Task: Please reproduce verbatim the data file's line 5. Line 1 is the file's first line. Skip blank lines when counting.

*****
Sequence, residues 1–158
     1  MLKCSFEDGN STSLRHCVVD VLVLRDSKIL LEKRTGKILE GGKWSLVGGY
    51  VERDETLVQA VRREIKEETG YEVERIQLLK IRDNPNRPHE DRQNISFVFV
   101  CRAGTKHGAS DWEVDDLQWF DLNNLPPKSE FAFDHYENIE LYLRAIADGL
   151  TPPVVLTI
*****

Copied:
   151  TPPVVLTI